I'm stuck while trying to show that $(p \land q) \to (p \lor q)$ is logically equivalent to $(p \lor ¬p) \land (q \lor \neg q)$. I know they're equivalent (they're tautologies) because they both have the same truth table but I'm not sure how to start from $(p \land q) \to (p \lor q)$ and finally get $(p \lor ¬p) \land (q \lor \neg q)$.

What I have done so far is this:

\begin{align*} (p \land q) \to (p \lor q)&\equiv\neg(p \land q) \lor (p \lor q)&\text{(Definition of $\to$)}\\ &\equiv(\neg p\lor\neg q)\lor (p \lor q)&\text{(De Morgan's Law)}\\ &\equiv(\neg p\lor\neg p)\lor (q \lor q)&\text{(Associativity and commutativity of $\lor$)}\\ \end{align*}

I don't see how to get a conjunction from there. I know I could say both disjunctions on my last step are $\mathrm{TRUE} \lor \mathrm{TRUE} \equiv \mathrm{TRUE}$ but I don't think it will leave me to get the conjunction I'm looking for, right?

I appreacite your help.

  • $\begingroup$ What rules of inference/replacement are you allowed to use in your proof? $\endgroup$ Commented Apr 15, 2021 at 2:25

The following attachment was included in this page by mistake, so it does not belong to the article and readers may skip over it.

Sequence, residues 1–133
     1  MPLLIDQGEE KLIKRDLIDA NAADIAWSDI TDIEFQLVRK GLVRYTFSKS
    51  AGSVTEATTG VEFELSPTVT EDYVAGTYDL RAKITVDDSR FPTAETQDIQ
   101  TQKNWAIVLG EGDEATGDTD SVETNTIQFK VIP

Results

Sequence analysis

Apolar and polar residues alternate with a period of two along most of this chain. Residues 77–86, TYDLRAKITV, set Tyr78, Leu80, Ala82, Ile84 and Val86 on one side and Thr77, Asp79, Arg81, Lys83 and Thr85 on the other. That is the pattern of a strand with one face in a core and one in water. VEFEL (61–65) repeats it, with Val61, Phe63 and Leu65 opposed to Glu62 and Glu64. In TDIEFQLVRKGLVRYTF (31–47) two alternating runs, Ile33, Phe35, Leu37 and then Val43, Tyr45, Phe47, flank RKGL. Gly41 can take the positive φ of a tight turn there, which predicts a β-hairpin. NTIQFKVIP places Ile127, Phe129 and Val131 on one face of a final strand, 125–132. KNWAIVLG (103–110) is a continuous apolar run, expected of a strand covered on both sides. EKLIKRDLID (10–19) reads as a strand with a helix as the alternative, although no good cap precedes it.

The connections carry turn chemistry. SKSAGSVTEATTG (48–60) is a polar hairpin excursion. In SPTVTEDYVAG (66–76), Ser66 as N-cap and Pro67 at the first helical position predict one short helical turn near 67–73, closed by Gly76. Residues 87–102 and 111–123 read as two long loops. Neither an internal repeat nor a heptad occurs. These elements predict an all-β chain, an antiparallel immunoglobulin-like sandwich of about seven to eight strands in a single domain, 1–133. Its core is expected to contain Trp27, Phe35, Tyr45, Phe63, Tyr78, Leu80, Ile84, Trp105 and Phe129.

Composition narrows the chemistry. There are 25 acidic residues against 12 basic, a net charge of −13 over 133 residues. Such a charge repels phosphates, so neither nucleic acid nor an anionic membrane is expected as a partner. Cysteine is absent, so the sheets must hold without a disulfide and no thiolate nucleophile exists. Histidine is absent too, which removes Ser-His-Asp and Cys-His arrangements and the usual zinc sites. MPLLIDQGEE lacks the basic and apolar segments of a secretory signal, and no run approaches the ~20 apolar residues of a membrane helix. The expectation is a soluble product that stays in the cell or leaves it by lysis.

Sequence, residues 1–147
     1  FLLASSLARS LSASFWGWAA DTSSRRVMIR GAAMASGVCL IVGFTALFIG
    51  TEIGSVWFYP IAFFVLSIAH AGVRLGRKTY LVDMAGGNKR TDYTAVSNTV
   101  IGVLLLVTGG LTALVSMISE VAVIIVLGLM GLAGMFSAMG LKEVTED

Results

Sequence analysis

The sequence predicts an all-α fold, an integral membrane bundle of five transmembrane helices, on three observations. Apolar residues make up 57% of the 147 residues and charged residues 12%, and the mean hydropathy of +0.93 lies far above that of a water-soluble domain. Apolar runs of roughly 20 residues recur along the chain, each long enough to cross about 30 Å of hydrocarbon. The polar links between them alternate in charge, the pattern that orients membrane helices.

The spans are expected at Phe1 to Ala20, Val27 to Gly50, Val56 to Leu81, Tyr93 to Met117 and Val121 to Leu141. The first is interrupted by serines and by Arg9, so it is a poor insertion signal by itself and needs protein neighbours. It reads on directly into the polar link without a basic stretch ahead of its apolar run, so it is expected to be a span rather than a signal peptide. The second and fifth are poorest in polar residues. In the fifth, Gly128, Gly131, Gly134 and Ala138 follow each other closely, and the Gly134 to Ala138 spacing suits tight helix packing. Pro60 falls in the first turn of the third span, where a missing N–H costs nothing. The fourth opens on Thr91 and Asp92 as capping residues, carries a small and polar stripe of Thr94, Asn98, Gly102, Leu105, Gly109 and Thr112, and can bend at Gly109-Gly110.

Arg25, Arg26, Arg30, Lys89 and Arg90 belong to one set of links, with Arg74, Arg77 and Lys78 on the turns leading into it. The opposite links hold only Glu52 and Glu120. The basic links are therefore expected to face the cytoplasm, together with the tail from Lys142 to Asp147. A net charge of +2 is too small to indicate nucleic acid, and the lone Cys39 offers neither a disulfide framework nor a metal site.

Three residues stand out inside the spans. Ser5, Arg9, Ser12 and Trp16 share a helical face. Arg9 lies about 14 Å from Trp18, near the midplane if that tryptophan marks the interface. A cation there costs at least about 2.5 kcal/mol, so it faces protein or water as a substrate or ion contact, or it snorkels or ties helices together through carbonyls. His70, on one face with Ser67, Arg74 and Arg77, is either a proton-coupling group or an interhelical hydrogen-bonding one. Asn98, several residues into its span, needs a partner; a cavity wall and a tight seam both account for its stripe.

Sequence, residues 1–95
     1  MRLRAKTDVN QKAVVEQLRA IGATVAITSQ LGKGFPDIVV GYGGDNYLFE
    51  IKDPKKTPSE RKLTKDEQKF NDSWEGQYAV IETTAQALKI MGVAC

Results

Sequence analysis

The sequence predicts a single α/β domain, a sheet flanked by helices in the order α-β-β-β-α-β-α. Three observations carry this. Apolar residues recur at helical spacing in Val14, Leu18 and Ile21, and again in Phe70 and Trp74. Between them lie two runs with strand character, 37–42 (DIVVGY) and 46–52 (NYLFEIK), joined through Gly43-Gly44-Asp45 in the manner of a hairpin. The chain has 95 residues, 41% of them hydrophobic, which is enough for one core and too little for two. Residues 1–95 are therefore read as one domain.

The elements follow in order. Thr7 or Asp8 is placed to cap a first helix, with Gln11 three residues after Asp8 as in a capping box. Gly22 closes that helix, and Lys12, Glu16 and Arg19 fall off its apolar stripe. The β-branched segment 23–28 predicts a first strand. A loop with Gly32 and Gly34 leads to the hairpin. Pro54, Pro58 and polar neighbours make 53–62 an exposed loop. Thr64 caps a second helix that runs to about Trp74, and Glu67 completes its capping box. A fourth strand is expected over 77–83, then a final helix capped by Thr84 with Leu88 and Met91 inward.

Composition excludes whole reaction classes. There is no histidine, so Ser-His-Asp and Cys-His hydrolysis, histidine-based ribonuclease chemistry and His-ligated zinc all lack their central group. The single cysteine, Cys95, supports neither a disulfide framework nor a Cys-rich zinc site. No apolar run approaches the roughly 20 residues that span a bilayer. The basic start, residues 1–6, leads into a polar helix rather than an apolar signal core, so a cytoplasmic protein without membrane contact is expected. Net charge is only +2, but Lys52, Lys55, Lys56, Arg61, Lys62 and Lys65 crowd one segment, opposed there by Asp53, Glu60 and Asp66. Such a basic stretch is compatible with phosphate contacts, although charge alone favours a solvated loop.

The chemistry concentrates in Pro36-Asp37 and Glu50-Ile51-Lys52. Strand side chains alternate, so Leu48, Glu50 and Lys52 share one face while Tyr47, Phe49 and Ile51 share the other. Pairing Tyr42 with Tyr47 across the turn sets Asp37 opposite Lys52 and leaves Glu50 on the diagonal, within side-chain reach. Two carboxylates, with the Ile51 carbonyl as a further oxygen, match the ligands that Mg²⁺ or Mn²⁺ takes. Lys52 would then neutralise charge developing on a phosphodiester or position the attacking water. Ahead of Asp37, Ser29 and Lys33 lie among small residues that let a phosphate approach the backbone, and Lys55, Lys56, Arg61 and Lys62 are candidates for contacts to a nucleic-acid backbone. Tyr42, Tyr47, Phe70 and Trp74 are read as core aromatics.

• $\begingroup$ @AlannRosas Only basic equivalences. Here you can check them: postimg.cc/Z9n9565t. $\endgroup$
    – Augus
    Commented Apr 15, 2021 at 2:29

1 Answer 1


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Since $p\lor\neg p\equiv\mathrm{T}$ and $q\lor\neg q\equiv\mathrm{T}$, you have \begin{align*} \mathrm{T}\lor\mathrm{T}&\equiv\mathrm{T}\\ &\equiv\mathrm{T}\land \mathrm{T}\\ &\equiv(p\lor\neg p)\land(q\lor\neg q). \end{align*}


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